VR requires tracking the motion and position of the user. The headset needs to know where it is in physical space, so it can render the image at the correct position and angle. Also, the controllers that you hold in your hands need to be tracked, so they can be positioned and visualized. There are three predominant forms of tracking that we will cover here.
Lighthouses are small boxes that hang in the corners of your room. They throw out a sequence of IR light into the room that is tracked by the headset and controllers. Fancy math breaks down the difference in timing, as the light sweeps across the room to determine how everything is positioned. The HTC VIVE uses this tracking system. The lighthouse base stations are included when you buy the headset. They are great for tracking a large area with accuracy or tracking multiple people sitting close together, like in a seating pod or a large conference room.
The Oculus Rift uses small sensors that sit on a desk to track the headset and controllers. They are actually cameras that plug into the computer and are looking at the user to position the devices. They are great for a desk setup with two sensors on the table, but the room-scale setup with three sensors can be awkward with cabling. There is also the disadvantage that the tracking doesn’t scale well to multiple simultaneous users. We recommend the Oculus Rift for people working at a solo desk setup or a conference room setup, where you can route the cabling into the walls.
For Windows Mixed Reality, the Samsung Odyssey has inside-out tracking on the unit, so you don't need any external cameras. Inside-out tracking is able to view your surrounding environment from the position of the headset and infer its position by tracking key features in the room and seeing how they move in time. Inside-out tracking is convenient in that it doesn’t require external devices, but it doesn’t work well in rooms or at angles where there isn’t a lot of visual noise for the camera to track features on. For instance, standing close to a solid white wall is not going to work with inside-out tracking. Also, your controllers are only going to be positioned virtually when the camera on your headset can see them (if your hands are in front of you). This can be tricky for designers because, when working with your hands, you don’t always hold them directly in front of you. You expect to move something way over to the side and drop it. If tracking of the controller is lost, it can be surprising.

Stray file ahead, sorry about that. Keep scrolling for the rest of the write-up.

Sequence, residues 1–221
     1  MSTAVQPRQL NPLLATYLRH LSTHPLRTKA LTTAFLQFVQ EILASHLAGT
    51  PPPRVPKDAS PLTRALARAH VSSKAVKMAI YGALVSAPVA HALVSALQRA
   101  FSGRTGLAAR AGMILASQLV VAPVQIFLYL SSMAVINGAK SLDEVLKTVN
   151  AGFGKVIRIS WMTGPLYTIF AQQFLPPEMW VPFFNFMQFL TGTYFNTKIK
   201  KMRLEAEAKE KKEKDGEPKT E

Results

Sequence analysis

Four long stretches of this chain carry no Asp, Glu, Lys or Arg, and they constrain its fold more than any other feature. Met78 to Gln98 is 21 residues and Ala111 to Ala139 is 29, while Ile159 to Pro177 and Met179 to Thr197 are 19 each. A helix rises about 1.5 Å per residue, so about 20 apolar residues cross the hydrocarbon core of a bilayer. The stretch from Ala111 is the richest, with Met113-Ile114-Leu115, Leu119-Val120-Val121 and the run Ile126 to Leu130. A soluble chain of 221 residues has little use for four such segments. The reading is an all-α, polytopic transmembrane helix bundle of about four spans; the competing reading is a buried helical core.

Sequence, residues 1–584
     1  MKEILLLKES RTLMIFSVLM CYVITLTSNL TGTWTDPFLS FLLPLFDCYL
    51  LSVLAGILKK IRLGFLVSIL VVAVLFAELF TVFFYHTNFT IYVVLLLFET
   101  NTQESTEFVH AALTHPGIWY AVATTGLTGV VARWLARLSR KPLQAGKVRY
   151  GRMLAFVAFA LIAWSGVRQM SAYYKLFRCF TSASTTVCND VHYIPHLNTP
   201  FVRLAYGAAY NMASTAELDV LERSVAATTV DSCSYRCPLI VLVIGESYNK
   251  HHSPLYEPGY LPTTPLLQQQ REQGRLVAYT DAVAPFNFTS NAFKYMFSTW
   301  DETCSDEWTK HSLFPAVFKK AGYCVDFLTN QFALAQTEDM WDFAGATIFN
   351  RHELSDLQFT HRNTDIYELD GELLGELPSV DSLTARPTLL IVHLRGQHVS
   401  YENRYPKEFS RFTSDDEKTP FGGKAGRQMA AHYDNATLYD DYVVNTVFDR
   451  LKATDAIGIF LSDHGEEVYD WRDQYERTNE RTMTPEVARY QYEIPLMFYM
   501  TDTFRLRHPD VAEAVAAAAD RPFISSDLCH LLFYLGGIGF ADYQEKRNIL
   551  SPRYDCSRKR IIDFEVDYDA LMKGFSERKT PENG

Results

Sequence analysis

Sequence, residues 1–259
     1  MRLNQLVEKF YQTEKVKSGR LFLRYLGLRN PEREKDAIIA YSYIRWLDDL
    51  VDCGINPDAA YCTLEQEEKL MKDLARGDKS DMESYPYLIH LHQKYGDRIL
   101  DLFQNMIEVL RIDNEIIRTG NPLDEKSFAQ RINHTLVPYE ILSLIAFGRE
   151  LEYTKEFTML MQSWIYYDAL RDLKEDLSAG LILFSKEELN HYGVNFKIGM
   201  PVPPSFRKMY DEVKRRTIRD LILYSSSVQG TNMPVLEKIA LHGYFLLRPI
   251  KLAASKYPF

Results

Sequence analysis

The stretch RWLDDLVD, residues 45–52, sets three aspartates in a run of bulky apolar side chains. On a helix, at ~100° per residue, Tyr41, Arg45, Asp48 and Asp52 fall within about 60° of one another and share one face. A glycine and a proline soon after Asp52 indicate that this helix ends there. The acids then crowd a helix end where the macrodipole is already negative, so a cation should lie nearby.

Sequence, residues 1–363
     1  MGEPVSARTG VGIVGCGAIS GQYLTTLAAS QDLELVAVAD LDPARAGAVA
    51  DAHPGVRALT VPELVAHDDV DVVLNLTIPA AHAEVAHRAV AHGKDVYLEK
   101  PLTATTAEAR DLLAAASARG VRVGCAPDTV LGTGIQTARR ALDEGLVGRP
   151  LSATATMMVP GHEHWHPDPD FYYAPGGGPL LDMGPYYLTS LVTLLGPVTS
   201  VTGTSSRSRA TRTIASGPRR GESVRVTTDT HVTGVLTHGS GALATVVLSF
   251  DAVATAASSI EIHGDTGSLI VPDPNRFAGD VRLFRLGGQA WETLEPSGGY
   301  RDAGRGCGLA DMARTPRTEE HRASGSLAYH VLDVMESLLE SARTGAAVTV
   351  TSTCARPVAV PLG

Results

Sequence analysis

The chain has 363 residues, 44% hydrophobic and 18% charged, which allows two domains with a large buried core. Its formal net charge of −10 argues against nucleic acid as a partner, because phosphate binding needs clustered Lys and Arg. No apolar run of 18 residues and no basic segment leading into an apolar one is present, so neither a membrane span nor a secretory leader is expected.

As you can see, there are strengths and weaknesses to the different setups, and your choice will depend on your configuration. Overall, we recommend choosing the best option for you and then spending time to get your space configured, so the tracking can be as stable as possible.
Everything comes in the box with your VR headset. Some graphic cards will require adapters to work with different headsets, but typically, there is no need to purchase additional cords. But we do recommend considering your cord management, things can get tangled up.
A decent internet connection for whichever software you’re using to design and collaborate in virtual reality is almost always necessary. For some solo experiences, such as designing alone or playing games, you do not need to worry about your connection.
For The Wild, you will need a dependable connection to run our application on the internet or through an installer. You can even tether off your phone. We don't require a crazy high-bandwidth connection to run The Wild—it actually uses less data than streaming a video.
We are truly living in an exciting time for design. We have the power to supercharge how we think, create, experience, and share our ideas. Now that you have the tools you need to get started with VR at your studio, you and your design team are ready to collaborate in new ways that will unleash your creativity.
Feel free to reach out if you have questions about your VR setup. In fact, if you're ready to get started now, check out some of our recommended kits (from Starter pricing to Pro) on our Amazon Page. And if you’re interested in taking The Wild for a spin, you can get started here.